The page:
24 January 2019

Before Senior Coroner Mary Hassell
St Pancras Coroners Court, Camley St, Kings Cross, London N1C 4PP
Hearing 14 - 22 January 2019

Tyrone Givans was 32 years old when he died from self-inflicted injuries in his cell at HMP Pentonville on 26 February 2018. He was profoundly deaf and had been at the prison for less than three weeks, for the most part without any access to hearing aids. The inquest has concluded finding numerous system and individual failures contributed to his death. 

On 6 February 2018, Tyrone was remanded into police custody. He did not have his hearing aids with him. He also had a history of alcohol misuse, depression and anxiety. A court custody officer completed a suicide and self-harm warning form, detailing Tyrone’s history of self-harm and current low mood. The Person Escort Record (PER) which accompanied Tyrone from court to prison noted that he had said he would self-harm if taken to prison. The PER did not record that Tyrone had also expressed suicidal ideation.

On 7 February 2018, Tyrone was transferred to HMP Pentonville. At the inquest hearing a number of prison staff accepted they should have opened suicide and self-harm monitoring procedures, known as ACCT, had they known of Tyrone's history of suicidal ideation. 

During his time at HMP Pentonville, Tyrone was not referred to the prison Equality Officer and staff failed to put in place reasonable adjustments to accommodate Tyrone's disability.

On 21 February 2018, Tyrone's mother visited him and provided one of his hearing aids, after he had spent over two weeks unable to hear. Tyrone reported that he wanted to move cells and wings as he did not feel safe and his mattress had been slashed when he was out of his cell. He also said that he could not sleep as he would be unable to hear if someone was approaching him. Tyrone raised his concerns with a prison officer on the same day; however, no steps were taken to move Tyrone from the wing or from his cell.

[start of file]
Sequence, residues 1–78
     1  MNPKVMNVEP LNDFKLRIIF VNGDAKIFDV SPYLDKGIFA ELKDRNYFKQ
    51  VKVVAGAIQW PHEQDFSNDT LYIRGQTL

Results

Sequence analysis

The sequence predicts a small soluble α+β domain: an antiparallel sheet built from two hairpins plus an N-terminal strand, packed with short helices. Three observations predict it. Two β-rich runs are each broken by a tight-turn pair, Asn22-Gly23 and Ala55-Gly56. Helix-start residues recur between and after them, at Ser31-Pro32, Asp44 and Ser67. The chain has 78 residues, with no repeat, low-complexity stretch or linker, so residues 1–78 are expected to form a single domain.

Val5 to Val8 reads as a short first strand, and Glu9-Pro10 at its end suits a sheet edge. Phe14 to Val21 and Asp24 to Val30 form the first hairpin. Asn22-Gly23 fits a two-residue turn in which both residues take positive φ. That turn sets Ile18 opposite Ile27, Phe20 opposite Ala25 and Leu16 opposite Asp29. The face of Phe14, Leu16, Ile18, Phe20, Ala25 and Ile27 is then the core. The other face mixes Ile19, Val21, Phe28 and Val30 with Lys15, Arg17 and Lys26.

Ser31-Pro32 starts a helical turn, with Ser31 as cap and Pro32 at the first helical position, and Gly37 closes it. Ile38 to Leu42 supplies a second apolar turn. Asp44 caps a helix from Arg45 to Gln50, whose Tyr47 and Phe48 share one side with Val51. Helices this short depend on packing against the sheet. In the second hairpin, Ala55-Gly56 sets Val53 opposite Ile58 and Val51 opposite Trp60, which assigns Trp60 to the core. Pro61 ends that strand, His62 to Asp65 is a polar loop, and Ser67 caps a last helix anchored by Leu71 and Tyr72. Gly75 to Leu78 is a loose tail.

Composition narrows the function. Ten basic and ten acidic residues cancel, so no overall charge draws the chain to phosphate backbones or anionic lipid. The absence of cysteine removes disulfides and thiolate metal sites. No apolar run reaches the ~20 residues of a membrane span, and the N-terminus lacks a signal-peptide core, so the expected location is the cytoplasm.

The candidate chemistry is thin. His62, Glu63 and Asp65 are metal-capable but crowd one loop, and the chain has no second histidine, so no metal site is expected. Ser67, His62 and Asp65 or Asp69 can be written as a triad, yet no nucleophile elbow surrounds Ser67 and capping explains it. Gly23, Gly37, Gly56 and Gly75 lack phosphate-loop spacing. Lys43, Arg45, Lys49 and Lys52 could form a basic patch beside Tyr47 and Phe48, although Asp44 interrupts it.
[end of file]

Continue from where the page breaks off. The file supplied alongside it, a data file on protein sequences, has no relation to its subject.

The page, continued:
Various healthcare staff at the prison failed to review Tyrone's previous medical records, because two SystemOne records (the medical records used in and available across prison establishments) were created in error. As such, from 8 February 2018, medical staff were not aware of Tyrone’s previous records, resulting in a lack of continuity of care. That day, due to his low mood Tyrone was prescribed antidepressants by prison healthcare staff employed by Care UK. However, this was not reviewed in line with NICE Guidelines.

The inquest jury concluded that collectively the following factors “resulted in Tyrone Givans’ needs not being met and contributed to his death”:

  • Tyrone's alcoholism, substance abuse and profound deafness were insufficiently processed and addressed by the prison and healthcare services;
  • Communication between members of staff was inconsistent and unsatisfactory;
  • The IT systems used for storing prisoners' records were unfit for purpose and there was insufficient integration between different systems;